Background: We investigated the outcome predictors of laparoscopic gastric banding (LAGB) for morbidly obese patients.
Methods: From December 1996 to November 2004, a total of 380 consecutive unselected patients (78% female; median age 40 yr, range 17-66; body mass index 44.3 kg/m(2), range 35-75) were prospectively evaluated and underwent LAGB. The follow-up rate after a median of 5 years (range 1.5-9.4) was 98%. A survival model was applied, and a multivariate Cox proportional hazard model was used to calculate the hazard ratios for the influential factors.
Results: Of the 380 patients, 128 (33.7%) had their bands removed. Of these 128 patients, 2.4% declined another operation, 18.2% underwent biliopancreatic diversion with duodenal switch, 7.1% underwent laparoscopic Roux-en-Y gastric bypass, and 6% underwent laparoscopic sleeve gastrectomy. The excess weight loss of the remaining 252 patients (66.3%) with a band in situ (including 21 patients after rebanding) was 40%, and only 25% reached an excess weight loss >50%. Older age, binge eating disorder, and sweet-eating behavior were predictors of a poor outcome after LAGB. In contrast, sex, primary body mass index, and co-morbidities had no influence on outcome.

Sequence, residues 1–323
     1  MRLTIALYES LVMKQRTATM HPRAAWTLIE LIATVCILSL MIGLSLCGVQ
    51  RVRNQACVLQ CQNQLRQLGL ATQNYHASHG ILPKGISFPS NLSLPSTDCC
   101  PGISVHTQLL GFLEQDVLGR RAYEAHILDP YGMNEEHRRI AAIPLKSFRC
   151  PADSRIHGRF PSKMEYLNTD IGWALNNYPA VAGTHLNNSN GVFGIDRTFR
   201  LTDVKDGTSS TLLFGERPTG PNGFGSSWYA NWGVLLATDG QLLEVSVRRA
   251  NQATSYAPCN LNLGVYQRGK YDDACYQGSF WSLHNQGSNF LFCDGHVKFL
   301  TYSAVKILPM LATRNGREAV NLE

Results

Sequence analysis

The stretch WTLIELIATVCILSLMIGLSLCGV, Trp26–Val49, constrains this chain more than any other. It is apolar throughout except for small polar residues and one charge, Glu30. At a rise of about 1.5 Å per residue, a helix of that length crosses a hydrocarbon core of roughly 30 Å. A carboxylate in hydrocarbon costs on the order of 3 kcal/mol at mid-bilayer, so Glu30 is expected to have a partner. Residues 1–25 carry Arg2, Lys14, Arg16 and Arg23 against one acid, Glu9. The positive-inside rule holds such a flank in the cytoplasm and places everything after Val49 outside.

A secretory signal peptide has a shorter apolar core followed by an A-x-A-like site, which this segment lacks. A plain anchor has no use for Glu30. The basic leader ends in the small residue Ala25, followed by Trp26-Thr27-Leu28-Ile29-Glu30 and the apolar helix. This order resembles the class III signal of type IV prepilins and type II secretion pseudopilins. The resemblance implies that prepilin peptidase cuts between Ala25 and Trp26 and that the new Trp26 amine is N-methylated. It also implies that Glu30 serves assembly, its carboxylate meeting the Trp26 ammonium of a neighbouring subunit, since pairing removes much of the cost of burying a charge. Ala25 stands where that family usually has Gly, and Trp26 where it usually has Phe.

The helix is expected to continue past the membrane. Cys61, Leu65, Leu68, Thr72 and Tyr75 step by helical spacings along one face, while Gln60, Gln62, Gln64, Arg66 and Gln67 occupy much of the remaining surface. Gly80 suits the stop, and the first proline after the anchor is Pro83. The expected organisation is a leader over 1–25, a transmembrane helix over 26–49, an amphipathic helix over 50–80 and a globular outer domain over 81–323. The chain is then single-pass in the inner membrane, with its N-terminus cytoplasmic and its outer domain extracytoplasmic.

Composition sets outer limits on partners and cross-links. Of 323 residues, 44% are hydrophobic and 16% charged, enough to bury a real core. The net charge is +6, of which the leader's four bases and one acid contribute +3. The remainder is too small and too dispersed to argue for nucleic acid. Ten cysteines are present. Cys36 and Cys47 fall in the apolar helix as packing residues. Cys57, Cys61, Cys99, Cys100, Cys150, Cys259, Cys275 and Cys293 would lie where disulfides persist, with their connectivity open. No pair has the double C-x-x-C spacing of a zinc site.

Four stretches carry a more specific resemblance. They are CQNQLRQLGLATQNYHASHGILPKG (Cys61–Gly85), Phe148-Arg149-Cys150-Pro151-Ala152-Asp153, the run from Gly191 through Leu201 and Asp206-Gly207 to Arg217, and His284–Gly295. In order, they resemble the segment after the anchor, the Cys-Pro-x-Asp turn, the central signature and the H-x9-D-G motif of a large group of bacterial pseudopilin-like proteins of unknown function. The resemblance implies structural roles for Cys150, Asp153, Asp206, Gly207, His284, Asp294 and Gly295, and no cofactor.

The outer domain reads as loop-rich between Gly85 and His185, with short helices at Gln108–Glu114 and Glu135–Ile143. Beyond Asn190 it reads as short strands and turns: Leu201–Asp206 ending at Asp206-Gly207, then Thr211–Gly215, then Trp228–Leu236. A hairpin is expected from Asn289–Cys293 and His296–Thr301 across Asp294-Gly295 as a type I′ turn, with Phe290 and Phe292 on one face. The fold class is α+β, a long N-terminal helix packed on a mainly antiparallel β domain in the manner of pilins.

Conclusion: LAGB was less successful in older patients and in patients with binge eating disorder or sweet-eating behavior. These patients might be candidates for a different bariatric procedure.